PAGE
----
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graduation of individual students. The committee takes no position on whether the voluntary national tests are practical or appropriate for their primary stated purposes.
The committee sees a strong need for better evidence on the intended benefits and unintended negative consequences of using high-stakes tests to make decisions about individuals. A key question is whether the consequences of a particular test use are educationally beneficial for students—for example, by increasing academic achievement or reducing dropout rates. It is also important to develop statistical reporting systems of key indicators that will track both intended effects (such as higher test scores) and other effects (such as changes in dropout or special education referral rates). Indicator systems could include measures such as retention rates, special education identification rates, rates of exclusion from assessment programs, number and type of accommodations, high school completion credentials, dropout rates, and indicators of access to high-quality curriculum and instruction.
Promoting Appropriate Test Use
At present, professional norms and legal action (through administrative enforcement or litigation) are the principal mechanisms available to enforce appropriate test use. These mechanisms are inadequate. Compliance with provisions of the Joint Standards for Educational and Psychological Testing and the Code of Fair Testing Practices in Education is largely voluntary, and enforcement is often weak. Legal action is typically adversarial, time-consuming, and expensive, and applicable law can vary by jurisdiction, making enforcement uneven.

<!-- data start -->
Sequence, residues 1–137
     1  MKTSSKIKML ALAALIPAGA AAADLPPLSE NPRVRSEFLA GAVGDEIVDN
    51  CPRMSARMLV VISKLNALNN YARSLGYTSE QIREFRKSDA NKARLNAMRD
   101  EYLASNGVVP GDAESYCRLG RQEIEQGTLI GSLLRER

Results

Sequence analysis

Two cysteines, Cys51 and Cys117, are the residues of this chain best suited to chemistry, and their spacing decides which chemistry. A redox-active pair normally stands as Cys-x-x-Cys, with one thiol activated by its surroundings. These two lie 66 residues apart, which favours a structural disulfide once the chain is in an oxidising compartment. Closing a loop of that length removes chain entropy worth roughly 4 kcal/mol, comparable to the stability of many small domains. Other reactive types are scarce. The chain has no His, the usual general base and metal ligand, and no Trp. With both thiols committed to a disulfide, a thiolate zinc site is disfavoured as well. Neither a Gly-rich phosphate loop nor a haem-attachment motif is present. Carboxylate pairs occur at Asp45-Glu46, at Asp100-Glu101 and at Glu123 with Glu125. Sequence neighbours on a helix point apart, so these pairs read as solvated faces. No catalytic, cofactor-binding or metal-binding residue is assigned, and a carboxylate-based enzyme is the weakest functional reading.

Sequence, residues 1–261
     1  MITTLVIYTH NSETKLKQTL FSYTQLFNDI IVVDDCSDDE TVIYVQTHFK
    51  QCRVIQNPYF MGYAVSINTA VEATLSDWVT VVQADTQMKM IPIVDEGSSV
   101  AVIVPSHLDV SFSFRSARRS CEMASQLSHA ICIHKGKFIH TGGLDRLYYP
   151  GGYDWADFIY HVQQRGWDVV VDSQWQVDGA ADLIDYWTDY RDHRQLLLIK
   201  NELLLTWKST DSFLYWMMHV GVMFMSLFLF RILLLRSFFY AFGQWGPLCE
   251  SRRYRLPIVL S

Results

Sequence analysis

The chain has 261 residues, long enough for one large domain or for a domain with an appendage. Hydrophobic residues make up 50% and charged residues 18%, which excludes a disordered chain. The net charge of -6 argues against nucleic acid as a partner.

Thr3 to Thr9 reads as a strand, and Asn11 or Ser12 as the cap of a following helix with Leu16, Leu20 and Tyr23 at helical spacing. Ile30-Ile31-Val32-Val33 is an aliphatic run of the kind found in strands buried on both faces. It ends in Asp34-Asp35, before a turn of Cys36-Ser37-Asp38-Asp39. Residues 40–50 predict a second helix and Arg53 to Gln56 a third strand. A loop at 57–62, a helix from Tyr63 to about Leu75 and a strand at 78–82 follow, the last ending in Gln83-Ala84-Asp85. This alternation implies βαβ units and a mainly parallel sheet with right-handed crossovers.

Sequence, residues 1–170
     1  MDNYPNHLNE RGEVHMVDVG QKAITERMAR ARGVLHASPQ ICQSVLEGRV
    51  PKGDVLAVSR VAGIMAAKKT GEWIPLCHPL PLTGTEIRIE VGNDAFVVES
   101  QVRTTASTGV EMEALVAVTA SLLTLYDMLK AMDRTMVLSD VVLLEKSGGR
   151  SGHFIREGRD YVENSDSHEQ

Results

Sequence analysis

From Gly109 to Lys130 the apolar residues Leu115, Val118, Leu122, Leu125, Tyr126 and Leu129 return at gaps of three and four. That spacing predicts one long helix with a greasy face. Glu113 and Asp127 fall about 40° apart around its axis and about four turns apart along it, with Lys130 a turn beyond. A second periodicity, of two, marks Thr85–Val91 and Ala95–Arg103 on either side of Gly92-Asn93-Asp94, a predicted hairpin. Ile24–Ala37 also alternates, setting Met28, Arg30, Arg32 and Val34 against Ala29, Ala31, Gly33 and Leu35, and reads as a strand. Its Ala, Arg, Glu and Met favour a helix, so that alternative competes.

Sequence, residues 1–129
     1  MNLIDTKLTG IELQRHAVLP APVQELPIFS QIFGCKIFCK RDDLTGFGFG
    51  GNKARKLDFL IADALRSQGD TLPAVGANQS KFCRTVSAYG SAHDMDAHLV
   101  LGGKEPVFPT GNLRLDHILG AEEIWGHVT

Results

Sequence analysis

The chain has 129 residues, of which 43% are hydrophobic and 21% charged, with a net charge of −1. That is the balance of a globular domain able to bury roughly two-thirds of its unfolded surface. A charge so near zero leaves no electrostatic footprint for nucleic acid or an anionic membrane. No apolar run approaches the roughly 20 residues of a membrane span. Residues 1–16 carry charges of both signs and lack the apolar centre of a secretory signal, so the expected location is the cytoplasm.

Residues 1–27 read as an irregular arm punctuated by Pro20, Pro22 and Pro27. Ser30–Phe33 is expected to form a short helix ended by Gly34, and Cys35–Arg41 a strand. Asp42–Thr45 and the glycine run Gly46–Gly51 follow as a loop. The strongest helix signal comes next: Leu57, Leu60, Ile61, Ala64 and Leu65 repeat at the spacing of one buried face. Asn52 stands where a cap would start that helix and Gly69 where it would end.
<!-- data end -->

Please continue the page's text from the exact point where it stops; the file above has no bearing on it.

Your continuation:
New methods, practices, and safeguards could take any of several forms, but in general they would appear at various points on a continuum between professional norms and legal enforcement, some less coercive, some more so. Deliberative forums, an independent oversight body, labeling, and federal regulation represent a range of possible options that could supplement professional standards and litigation as means of promoting and enforcing appropriate test use.
The committee is not recommending adoption of any particular strategy or combination of strategies, nor does it suggest that these four approaches are the only possibilities. We do think, however, that ensuring proper test use will require multiple strategies. Given the inadequacy of current methods, practices, and safeguards, there should be further research